Let’s Fire Up the Grill & Make the Perfect Burger
May is National Hamburger Month, when we commemorate America’s favorite sandwich. Several sources online say Americans scarf down 50 billion burgers per year. Burgers are wildly popular, no question — but I call shenanigans on that 50 billion claim.
The total U.S. population is almost 318 million, according to the Census Bureau. The Census also tells us that 20.8% of us are either 5-and-under or 65-and-over. Preschoolers and seniors certainly eat some burgers, but not as many as the typical carnivorous teen or young adult. And Gallup polling says 7% of us identify as vegetarian or vegan; not a lot of burgers are being consumed by that crowd, either.
If we account for those groups (which, granted, would have some overlap), everybody else would need to average about four burgers per week in order to hit the 50 billion mark. That seems high as an average. Zagat did a survey in 2012 that pegged our average consumption at about one burger per week, which seems more believable.
Either way, there’s no question that we love our burgers by the billions. Restaurants are constantly trying to put a new spin on this American classic — even serving them between glazed doughnuts. As each chain, restaurant and hole-in-the-wall fights for burger supremacy, the real winner is us (and the beef industry). Burgers are only limited by our imaginations.
But no matter how many great gourmet burgers and new interpretations arise, there’s always a place for a simple, delicious classic like this one that you can make on the grill:
- 1 1/2 pounds ground chuck (80/20 mix)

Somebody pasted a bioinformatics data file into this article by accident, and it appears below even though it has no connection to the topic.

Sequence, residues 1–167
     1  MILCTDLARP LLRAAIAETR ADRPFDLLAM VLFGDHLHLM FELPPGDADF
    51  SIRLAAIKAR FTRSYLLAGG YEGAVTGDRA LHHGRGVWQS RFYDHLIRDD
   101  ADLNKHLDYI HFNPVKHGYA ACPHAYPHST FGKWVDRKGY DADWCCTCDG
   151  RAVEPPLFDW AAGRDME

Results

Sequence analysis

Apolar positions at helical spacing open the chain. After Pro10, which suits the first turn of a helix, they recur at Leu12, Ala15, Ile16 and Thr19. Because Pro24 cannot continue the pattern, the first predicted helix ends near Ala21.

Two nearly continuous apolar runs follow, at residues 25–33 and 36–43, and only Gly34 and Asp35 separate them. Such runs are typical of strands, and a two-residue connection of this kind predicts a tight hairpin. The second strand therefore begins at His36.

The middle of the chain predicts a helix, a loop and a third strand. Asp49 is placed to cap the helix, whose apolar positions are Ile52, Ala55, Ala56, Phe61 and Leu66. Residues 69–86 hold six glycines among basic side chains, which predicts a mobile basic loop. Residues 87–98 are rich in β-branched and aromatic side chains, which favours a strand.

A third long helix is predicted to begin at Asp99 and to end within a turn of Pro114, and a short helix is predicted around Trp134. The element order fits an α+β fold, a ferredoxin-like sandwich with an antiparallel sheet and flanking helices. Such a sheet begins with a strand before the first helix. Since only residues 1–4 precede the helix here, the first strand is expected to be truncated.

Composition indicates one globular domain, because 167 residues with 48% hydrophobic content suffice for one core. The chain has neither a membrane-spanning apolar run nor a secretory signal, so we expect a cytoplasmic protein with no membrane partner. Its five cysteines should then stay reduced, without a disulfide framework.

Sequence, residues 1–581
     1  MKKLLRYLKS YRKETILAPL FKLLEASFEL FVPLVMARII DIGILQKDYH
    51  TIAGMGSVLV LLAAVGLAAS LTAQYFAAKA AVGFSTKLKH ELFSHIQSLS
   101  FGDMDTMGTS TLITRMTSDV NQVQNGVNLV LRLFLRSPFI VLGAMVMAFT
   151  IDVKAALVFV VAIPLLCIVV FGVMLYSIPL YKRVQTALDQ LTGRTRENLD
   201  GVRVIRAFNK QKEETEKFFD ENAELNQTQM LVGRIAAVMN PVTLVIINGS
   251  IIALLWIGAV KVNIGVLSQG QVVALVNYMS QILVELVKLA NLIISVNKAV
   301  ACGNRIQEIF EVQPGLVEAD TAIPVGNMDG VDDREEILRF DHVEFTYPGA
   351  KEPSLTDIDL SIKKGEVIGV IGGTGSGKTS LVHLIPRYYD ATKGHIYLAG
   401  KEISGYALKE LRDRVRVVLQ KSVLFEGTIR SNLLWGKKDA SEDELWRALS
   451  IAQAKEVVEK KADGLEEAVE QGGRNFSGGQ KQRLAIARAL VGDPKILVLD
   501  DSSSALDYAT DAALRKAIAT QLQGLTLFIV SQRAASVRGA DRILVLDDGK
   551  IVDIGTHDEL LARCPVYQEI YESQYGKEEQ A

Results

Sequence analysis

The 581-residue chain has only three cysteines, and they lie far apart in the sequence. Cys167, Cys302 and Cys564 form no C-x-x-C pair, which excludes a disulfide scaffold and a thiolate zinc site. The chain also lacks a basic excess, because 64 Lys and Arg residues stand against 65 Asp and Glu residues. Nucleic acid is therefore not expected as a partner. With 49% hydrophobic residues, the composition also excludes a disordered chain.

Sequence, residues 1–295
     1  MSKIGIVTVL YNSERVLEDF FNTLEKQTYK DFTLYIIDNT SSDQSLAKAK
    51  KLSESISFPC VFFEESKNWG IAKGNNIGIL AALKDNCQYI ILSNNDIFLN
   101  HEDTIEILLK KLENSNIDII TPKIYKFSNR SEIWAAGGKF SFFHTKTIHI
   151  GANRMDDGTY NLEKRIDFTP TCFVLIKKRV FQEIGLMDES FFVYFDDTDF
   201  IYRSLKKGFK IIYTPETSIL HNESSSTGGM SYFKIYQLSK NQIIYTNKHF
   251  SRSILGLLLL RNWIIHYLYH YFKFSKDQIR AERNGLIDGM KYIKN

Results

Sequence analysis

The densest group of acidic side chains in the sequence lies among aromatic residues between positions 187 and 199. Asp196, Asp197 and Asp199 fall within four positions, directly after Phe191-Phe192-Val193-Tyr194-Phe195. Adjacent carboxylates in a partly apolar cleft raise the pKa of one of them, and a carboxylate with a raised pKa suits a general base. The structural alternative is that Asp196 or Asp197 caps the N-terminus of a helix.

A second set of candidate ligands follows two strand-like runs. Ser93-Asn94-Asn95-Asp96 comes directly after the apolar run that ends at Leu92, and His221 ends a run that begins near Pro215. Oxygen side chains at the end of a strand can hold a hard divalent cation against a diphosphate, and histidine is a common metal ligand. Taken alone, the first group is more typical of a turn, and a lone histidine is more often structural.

- 1 1/2 teaspoons Montreal steak seasoning
- 1 1/2 tablespoons canola oil
- 4 hamburger buns (split)
- 4 slices cheese (Cheddar, American, Swiss, etc.)
- Toppings and condiments (ketchup, tomato, lettuce, onion, pickles, etc.)
Combine ground beef and steak seasoning in large bowl and mix gently but thoroughly. Lightly shape into four patties, each about 3/4-inch thick. Use your thumb to put an indentation in the middle of each; this will help them maintain their shape while cooking.
Brush oil over the patties. Place the patties on a grill over medium, ash-covered coals (over over a preheated gas grill). Close the grill and leave the patties alone. You’ll lose juice by flipping them too much.
Grill covered for about four minutes, then flip them once. Grill for another 4-5 minutes, depending on how hot your grill is and how well done you like your burger. Food safety folks say burgers should be cooked to at least 160°F.
About two minutes before the burgers are done, place buns on the grill, cut sides down. Grill until lightly toasted. During last minute of grilling, top each burger with a cheese slice.
Line the bottoms of the buns with lettuce; that prevents the juice from turning the buns soggy. Then top with the burger and tomatoes, onions and other fun stuff, as desired.
A couple of flavor tips
When cooking burgers, remember fat is where the flavor and juiciness come from. That’s why we always go with 80 percent lean beef for burgers. If you try to use extra-lean beef in an attempt to eat healthier, you’ll just end up with dry burgers.
Cast iron skillets are also wonderful for making hamburgers. If you use one for bacon at breakfast, save some of that grease and cover it until you’re ready to cook burgers in your skillet. This will add amazing bacony goodness.
— P.J. Butland